My predictions from this morning are coming true. Sen. Marco Rubio (R-Fla.) thanks France and argues that the death of Qaddafi shows that President Obama is leading from behind.
â€œTodayâ€™s not a day to point fingers,â€ the right-wing Florida senator said. â€œIâ€™m glad itâ€™s all working out. Ultimately this is about the freedom and liberty of the Libyan people. But letâ€™s give credit where credit is due: itâ€™s the French and the British that led in this fight, and probably even led on the strike that led to Gadhafiâ€™s capture, and, or, you know, to his death.
â€œSo, thatâ€™s the first thing. The second thing is, you know, I criticize the president, for, he did the right things, he just took too long to do it and didnâ€™t do enough of it.â€
McCain appeared on CNN this morning and said, â€œI think the [Obama] administration deserves credit, but I especially appreciate the leadership of the British and French in this in carrying out this success.â€
Unreal. But to be fair, McCain also said “I think the administration deserves great credit.”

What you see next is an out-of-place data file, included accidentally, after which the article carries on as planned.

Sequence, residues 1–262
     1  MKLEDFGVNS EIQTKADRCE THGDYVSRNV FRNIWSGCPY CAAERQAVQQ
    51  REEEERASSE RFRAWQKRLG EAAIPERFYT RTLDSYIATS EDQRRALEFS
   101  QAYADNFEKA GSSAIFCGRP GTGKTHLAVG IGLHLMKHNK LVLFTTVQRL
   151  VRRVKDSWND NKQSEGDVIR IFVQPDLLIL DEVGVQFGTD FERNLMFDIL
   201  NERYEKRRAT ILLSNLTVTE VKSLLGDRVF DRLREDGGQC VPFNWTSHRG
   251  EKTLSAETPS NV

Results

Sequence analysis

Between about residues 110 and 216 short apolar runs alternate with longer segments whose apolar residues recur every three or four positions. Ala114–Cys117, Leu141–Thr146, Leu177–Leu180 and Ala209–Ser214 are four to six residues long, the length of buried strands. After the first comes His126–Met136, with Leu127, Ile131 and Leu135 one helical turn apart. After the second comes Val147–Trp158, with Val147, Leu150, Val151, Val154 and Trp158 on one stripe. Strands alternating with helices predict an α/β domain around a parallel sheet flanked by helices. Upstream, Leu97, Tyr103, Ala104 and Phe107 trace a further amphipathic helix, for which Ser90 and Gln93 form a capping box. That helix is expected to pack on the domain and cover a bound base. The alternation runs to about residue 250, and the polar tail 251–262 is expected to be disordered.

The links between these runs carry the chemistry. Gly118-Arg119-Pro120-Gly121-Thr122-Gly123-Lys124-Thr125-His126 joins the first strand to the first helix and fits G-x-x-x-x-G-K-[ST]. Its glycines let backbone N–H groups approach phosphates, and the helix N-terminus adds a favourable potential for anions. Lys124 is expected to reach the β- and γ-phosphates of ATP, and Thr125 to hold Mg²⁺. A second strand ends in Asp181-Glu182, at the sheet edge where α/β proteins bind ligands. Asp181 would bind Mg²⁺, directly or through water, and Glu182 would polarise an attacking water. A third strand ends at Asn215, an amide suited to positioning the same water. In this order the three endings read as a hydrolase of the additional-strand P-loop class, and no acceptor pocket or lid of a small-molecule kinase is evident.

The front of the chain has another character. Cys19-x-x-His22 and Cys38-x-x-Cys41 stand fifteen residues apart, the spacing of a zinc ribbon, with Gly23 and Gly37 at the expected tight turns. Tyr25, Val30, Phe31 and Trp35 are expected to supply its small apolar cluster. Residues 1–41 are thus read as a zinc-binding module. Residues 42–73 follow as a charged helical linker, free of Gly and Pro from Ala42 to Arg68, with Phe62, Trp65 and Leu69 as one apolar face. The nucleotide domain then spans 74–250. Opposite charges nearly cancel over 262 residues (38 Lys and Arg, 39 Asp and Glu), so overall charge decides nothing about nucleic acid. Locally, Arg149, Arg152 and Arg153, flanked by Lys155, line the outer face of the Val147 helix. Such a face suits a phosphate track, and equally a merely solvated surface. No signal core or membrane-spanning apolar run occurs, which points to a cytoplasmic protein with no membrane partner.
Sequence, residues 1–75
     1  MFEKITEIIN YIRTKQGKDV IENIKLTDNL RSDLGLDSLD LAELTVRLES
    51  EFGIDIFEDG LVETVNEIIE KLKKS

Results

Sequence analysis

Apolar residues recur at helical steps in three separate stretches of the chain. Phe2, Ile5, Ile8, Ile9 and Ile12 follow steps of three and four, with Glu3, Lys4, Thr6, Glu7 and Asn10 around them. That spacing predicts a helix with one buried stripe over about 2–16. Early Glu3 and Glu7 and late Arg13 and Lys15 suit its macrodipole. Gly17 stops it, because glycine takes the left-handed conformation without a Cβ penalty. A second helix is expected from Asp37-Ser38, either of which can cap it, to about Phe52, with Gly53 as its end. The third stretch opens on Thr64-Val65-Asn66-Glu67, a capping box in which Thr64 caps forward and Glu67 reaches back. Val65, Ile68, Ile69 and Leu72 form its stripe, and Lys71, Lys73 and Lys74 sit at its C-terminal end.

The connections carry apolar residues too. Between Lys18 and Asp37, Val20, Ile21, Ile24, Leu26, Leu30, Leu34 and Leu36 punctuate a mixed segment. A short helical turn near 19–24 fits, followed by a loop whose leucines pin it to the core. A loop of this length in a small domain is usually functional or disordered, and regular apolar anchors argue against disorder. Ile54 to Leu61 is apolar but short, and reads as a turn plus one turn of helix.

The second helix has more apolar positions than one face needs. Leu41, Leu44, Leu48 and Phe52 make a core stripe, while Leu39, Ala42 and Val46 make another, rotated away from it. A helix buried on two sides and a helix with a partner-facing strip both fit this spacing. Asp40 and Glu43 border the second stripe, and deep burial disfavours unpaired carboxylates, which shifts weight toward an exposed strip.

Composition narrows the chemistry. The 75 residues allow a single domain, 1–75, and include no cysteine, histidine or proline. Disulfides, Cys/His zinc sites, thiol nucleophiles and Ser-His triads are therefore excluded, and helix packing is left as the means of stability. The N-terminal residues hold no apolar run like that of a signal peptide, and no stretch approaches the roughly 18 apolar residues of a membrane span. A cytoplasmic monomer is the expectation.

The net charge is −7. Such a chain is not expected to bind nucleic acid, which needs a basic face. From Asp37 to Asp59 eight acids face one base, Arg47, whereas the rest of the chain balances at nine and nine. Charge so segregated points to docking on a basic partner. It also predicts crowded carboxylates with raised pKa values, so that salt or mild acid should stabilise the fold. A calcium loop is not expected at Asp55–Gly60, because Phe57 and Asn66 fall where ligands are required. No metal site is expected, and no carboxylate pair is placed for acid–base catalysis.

Mark Landler and David Leonhardt have a different take in the New York Times:
The death of Col. Muammar el-Qaddafi is the latest victory for a new American approach to war: few if any troops on the ground, the heavy use of air power, including drones and, at least in the case of Libya, a reliance on allies.
Only a few months ago, the approach had few fans: not the hawks in Congress who called for boots on the ground, not the doves who demanded a pullout and not the many experts who warned of a quagmire. Most pointedly, critics mocked President Obama for â€œleading from behind,â€ a much-repeated phrase that came from an unnamed administration official in an article in The New Yorker.
But the last six months have brought a string of successes. In May, American commandos killed Osama bin Laden in Pakistan. In August, Tripoli fell, and Colonel Qaddafi fled. In September, an American drone strike killed Anwar al-Awlaki, a top Qaeda operative and propagandist, in Yemen. And on Thursday, people were digesting images of the bloodied body of Colonel Qaddafi, an oppressive strongman who spent decades flaunting his pariah status.
Get this —
Senator Mark Steven Kirk, Republican of Illinois, added, in a statement, referring to Secretary of State Hillary Rodham Clinton, â€œThe administration, especially Secretary Clinton, deserve our congratulations.â€
It’s like their lips would fall off if they said anything nice about President Obama. Of course, primary credit should go to Egyptians, I would think.